The opinion of the court was delivered by: Mcclure, District Judge.
On June 17, 1994, plaintiffs, lot owners in a recreational
housing development called the Valley of Lakes, commenced this
action with the filing of a complaint pursuant to: the Racketeer
Influenced and Corrupt Organizations Act (RICO), 18 U.S.C. § 1961-1968
(Count I); the Interstate Lands Sales Full Disclosure
Act, 15 U.S.C. § 1701 (Count II); 42 U.S.C. § 1983 (Count III);
the New Jersey Real Estate Full Disclosure Act, N.J.S.A. §
45:15-16.47 (Count IV); and the common law of New Jersey for
fraud and deceit (Count V). The complaint was filed in the United
States District Court for the District of New Jersey and was
transferred to this court by Order of Court dated March 15, 1995.
Succinctly stated, plaintiffs allege a long history of
mismanagement, broken promises, and fraud on the part of persons
in ownership and management positions at Valley of Lakes over the
years. Plaintiffs have been certified to proceed as a class
pursuant to Fed.R.Civ.P. 23. Default has been entered against
defendants Frank M. Cedrone, C.B.G., Ltd., Oneida Water Co., and
Valley Utilities Co., Inc. The remaining defendants are First
Eastern Bank, N.A., First Eastern Corp., MLA Management
Associates, Inc., Ralph Conte, and Arlene Rainess Conte.
Before the court are a number of motions by the parties. We
note at the outset that, due to the number of motions and the
prolixity of the arguments, every argument and issue cannot
possibly be addressed without production by the court of a
massive memorandum. We therefore will restrict ourselves to the
primary arguments raised, summarize as much as possible, and
attempt to limit ourselves to the issues the resolution of which
govern disposition of the motions.
I. PLAINTIFFS' MOTION TO SUPPLEMENT AND AMEND COMPLAINT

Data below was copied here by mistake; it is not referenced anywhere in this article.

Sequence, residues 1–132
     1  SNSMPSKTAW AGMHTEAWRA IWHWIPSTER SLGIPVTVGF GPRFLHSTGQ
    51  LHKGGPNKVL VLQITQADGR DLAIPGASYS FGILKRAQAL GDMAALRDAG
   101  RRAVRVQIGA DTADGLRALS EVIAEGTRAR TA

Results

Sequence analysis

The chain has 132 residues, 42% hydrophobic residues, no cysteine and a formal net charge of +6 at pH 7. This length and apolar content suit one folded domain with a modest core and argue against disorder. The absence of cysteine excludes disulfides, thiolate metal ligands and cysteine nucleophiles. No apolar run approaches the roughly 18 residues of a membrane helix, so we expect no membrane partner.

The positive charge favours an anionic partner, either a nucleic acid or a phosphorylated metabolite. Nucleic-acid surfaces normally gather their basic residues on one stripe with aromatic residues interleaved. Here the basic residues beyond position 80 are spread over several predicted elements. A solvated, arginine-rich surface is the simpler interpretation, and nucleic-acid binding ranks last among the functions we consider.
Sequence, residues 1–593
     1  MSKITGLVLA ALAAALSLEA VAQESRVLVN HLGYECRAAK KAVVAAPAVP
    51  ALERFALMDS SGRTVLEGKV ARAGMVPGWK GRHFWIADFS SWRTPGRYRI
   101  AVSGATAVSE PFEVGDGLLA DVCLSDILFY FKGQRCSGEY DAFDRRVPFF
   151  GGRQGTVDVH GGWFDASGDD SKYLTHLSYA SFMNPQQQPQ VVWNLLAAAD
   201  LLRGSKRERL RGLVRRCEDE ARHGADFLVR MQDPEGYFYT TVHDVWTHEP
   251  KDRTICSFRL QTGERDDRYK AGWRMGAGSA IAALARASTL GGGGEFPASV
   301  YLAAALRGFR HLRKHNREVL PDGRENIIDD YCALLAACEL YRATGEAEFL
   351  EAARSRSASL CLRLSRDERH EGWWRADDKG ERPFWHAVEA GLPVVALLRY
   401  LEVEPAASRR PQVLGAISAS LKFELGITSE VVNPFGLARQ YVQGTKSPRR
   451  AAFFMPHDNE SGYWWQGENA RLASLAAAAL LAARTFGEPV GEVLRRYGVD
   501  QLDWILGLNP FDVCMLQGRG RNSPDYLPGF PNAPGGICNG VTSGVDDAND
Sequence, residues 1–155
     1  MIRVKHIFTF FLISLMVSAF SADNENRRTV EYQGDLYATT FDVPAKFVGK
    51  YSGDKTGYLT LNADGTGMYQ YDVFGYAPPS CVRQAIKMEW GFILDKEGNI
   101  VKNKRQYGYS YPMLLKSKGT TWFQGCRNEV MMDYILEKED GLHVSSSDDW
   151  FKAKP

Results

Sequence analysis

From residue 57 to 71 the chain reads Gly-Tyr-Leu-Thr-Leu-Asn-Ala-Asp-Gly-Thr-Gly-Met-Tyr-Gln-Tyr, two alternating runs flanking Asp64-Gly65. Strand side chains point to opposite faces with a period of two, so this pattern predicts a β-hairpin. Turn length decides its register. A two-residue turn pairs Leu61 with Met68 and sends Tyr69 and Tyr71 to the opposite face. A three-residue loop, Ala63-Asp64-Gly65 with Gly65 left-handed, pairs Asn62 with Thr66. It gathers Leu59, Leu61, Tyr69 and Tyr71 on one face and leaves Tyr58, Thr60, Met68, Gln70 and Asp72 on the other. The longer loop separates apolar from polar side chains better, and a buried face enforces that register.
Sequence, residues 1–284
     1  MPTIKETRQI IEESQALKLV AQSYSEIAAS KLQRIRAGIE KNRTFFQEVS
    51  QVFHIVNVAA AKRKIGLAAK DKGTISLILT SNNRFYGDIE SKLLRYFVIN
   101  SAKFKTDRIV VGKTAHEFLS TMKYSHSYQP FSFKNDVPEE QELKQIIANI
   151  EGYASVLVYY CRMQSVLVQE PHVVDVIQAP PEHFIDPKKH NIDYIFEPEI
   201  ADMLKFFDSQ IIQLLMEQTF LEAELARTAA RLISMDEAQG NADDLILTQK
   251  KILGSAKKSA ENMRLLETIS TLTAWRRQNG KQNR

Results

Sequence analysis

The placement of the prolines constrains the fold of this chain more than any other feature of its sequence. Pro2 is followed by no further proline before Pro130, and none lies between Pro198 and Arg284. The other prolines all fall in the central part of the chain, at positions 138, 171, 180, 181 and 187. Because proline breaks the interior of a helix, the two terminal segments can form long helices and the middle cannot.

II. MOTION FOR EXTENSION OF DEADLINES
Plaintiffs move for an extension of the deadlines for
discovery, dispositive motions, and expert witness reports. The
motion also seeks an order compelling responses from certain
defendants to discovery requests from plaintiffs. The court's
computer docketing system shows the motion as still pending,
despite its having been addressed in an order dated June 19, 1998
(record document no. 261), and the substance of the motion having
been addressed in an order dated January 6, 1999 (record document
no. 373). The motion will be denied as moot.
III. MOTIONS FOR DECERTIFICATION
Defendants move for decertification of the classes and
sub-classes whose claims are asserted against the relevant moving
defendant. Common to these motions is the assertion of a problem
with the statute of limitations which renders the case
unmanageable as a class action. We agree.
In certifying the class and various sub-classes, we relied in
part on Keystone Insurance Co. v. Houghton, 863 F.2d 1125 (3d
Cir. 1988), in which the Third Circuit held that a cause of
action under RICO accrues for purposes of the statute of
limitations when the plaintiff knew or should have known that the
elements of a cause of action existed. However, if further
predicate acts which are part of the pattern of racketeering
activity occur, the statute began to run from the date the
plaintiff knew or should have known of the last such act.
In Klehr v. A.O. Smith Corp., 521 U.S. 179, 117 S.Ct. 1984,
138 L.Ed.2d 373 (1997), the Supreme Court held that the "last
predicate act" method of accrual under RICO was not a proper
interpretation of the statute. The Court declined, however, to
establish a particular method of accrual as being appropriate.
See generally Rolo v. City Investing Co. Liquidating Trust,
155 F.3d 644, 655-656 (3d Cir. 1998).
Since Klehr and Rolo, several courts in the Third Circuit
have concluded that, while the "last predicate act" rule no
longer applies, it continues to be the law of this circuit that